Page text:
procedure is more suitable for my problem?

Details:

The objective is to determine whether regional labour and/or housing market
conditions influence where people move to.

We have data on individuals at time t=1 and t=2. This includes their
geographic location in both periods (L1 and L2). There are about 500
different locations coded. We also have information about each of the
locations, in particular the unemployment rate (or some other measure of
labour demand) U(L) and housing prices H(L).

The plan is to estimate a log-linear model of the matrix of counts of people
found in each cell of the L1xL2 table. (In Genmod notation I think this is
described as a poisson model with log link).

It probably makes most sense to do this analysis conditional on the fact
that the person has moved somewhere (since the factors that influence
movement at all may be different from the factors that influence where they
move - and the latter is our main interest). This means that the diagonal of
the table will have structural zeros. Even though our sample is reasonably
large (tens of thousands), there will probably also be some sampling zeros.

For each person, we will calculate variables
DU = U(L2)-U(L1) and DH(L2)-H(L2)
ie the difference in unemployment rates and housing prices between their
origin and destination region.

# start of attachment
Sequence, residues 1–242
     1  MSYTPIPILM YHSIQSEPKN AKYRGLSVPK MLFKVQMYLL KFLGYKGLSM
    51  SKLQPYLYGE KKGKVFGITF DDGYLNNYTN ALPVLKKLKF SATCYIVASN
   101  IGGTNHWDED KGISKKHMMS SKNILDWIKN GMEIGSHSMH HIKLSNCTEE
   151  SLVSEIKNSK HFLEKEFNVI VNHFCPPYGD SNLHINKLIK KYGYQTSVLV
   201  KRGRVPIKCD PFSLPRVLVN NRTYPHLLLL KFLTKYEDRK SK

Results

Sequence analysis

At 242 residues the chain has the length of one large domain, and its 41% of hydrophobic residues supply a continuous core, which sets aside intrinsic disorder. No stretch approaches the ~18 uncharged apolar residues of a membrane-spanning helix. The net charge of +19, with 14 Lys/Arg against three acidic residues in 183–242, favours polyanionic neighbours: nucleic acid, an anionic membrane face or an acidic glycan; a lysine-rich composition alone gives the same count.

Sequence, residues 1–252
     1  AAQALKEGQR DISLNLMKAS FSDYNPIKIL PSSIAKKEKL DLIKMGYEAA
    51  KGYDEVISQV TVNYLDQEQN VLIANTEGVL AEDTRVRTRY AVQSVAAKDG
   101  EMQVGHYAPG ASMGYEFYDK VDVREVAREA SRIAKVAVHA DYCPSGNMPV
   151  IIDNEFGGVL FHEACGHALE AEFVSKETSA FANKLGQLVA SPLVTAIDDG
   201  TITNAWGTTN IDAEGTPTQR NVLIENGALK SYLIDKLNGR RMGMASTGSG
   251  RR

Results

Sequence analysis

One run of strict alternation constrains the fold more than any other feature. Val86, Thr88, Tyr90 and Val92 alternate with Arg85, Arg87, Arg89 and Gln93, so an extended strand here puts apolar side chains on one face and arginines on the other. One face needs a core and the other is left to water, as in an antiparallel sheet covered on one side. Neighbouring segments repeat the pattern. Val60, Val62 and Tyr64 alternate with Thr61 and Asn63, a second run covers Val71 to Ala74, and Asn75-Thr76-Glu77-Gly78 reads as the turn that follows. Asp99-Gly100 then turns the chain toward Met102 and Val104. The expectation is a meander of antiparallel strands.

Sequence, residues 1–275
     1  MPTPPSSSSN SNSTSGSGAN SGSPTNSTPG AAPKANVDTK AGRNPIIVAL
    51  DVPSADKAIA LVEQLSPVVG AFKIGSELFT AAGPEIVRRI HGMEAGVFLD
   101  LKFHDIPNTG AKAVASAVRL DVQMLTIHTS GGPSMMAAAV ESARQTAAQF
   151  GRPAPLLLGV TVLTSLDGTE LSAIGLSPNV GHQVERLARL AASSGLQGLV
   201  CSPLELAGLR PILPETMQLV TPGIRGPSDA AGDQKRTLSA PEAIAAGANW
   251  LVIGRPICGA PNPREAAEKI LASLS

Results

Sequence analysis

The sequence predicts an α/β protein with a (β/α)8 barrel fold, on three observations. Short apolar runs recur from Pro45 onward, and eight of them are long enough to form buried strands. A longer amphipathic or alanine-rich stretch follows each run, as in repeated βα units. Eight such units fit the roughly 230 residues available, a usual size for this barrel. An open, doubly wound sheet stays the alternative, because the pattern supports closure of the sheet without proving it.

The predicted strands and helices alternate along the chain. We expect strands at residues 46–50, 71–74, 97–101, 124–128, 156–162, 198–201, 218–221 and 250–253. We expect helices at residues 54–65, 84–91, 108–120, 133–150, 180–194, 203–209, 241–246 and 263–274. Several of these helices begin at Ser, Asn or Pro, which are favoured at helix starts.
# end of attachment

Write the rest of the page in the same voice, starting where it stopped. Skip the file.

The model we wish to estimate is thus
N = f(L1, L2, DU, DH)
That is, L1 and L2 are categorical variables (just direct effects only - to
control for region size etc), and DU and DH are continuous variables. In
other words, the interaction between L1 and L2 is assumed to be captured by
our continuous economic variables.

I think it is possible to estimate this using either Catmod or Genmod.
However, the existence of structural and sampling zeros complicates matters.
The Catmod documentation has discussion of how to handle these, but not
Genmod. I get the impression, however, (maybe I am wrong) that Genmod is
more robust in handling sampling zeros (if we extend the model to have
individual fixed effects such as sex, we will have even more sampling
zeros). I presume one could handle structural zeros by including non-zero
data in the table but introducing design effects which perfectly fit those
cells.

Any suggestions most welcome.